|Event Date||January 14|
4:00 pm - 5:00 pm - CST
|Organizers||Vanderbilt University Medical Center|
Michael Rosen, PhD, professor and chair of Biophysics at the University of Texas Southwestern Medical Center, will discuss mysterious cellular compartments known as “biomolecular condensates” during the next web-based Discovery Lecture.
Rosen’s lecture, “Cellular Organization Through Liquid-Liquid Phase Separation,” is on Thursday, Jan. 14 at 4 p.m. via Zoom. All participants need to register in advance to receive the webinar instructions.
Biomolecular condensates concentrate specific groups of molecules without a membrane surrounding them and are believed to form through the physical process of liquid-liquid phase separation. Rosen will discuss how the assembly of molecules that regulate the actin cytoskeleton into condensates leads to new biochemical functions and how condensate structures may play roles in chromatin remodeling, gene regulation and DNA repair.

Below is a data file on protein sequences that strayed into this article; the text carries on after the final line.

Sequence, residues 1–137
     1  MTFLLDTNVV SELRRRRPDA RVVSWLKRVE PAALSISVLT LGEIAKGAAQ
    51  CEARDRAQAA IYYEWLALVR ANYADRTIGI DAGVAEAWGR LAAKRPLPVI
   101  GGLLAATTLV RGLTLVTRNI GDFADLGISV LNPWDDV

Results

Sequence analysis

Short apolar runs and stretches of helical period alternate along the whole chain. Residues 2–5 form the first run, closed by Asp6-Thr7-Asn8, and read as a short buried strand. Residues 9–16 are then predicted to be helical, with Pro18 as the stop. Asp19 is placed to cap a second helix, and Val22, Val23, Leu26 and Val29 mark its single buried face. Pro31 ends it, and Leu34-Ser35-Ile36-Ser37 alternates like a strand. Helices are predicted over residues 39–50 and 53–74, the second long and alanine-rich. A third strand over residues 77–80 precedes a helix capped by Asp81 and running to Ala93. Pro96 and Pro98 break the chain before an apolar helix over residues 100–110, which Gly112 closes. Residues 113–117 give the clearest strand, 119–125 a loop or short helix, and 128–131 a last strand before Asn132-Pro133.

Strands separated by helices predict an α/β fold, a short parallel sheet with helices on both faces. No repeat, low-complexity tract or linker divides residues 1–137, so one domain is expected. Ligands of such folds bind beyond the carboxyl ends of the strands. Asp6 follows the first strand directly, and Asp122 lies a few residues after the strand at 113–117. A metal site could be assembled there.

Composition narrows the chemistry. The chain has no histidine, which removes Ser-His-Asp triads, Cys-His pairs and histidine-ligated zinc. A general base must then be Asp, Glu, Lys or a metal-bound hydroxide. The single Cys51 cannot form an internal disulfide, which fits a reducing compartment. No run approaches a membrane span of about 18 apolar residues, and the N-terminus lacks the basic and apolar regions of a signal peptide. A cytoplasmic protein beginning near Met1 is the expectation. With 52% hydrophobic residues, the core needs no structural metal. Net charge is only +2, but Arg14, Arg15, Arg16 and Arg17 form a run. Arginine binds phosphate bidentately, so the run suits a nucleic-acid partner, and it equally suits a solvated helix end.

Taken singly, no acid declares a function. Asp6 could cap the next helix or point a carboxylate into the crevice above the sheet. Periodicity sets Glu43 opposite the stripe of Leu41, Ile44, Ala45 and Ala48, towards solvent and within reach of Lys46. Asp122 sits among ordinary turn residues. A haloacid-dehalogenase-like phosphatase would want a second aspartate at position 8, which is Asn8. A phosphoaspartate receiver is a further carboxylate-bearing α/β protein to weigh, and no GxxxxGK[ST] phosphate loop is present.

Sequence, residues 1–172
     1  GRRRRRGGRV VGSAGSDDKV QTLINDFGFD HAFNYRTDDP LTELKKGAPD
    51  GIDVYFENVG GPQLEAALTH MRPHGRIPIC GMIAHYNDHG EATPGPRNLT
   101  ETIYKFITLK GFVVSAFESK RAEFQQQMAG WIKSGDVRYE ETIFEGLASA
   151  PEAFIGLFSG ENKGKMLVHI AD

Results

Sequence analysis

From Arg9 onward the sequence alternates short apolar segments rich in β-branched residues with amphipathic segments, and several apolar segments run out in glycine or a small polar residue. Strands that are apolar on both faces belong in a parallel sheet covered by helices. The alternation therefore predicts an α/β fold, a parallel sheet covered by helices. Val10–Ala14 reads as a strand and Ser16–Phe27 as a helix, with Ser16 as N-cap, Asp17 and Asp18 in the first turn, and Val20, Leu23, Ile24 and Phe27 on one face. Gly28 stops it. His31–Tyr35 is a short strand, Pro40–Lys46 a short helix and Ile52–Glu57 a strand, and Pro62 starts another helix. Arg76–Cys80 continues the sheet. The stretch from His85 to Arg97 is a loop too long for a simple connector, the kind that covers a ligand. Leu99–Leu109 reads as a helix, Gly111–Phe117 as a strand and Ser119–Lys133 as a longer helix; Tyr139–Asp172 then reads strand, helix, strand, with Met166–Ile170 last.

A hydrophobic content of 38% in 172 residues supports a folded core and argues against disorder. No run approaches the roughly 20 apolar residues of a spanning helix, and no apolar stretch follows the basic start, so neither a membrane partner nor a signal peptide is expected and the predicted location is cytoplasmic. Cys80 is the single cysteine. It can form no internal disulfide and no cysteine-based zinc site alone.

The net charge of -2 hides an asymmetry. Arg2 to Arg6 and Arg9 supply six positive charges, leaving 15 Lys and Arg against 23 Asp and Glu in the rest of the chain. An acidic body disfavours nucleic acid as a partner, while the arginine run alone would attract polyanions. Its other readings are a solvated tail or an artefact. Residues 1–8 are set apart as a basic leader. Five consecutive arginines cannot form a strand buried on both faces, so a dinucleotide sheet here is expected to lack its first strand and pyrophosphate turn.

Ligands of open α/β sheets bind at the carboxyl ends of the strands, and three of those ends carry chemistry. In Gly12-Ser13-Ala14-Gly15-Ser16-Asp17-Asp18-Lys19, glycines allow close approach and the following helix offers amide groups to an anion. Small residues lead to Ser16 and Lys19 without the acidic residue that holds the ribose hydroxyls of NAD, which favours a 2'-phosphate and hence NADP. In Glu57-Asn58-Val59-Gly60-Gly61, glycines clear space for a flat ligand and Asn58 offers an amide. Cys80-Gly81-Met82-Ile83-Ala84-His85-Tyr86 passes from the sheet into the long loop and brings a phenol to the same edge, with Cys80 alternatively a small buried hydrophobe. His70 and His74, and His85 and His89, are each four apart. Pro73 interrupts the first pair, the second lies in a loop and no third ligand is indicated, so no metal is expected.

Rosen is an Investigator of the Howard Hughes Medical Institute and holds the Mar Nell and F. Andrew Bell Distinguished Chair in Biochemistry at UT Southwestern Medical Center.
He received his PhD in Chemistry from Harvard University and was a Damon Runyon-Walter Winchell postdoctoral fellow at the University of Toronto before launching his independent research career at Memorial Sloan-Kettering Cancer Center in 1996. He moved to UT Southwestern in 2001.
Rosen’s lecture is sponsored by the Vanderbilt Center for Structural Biology. For a complete schedule of Discovery Lectures, archived video of previous lectures, and the webinar registration link, go to https://www.vumc.org/dls/.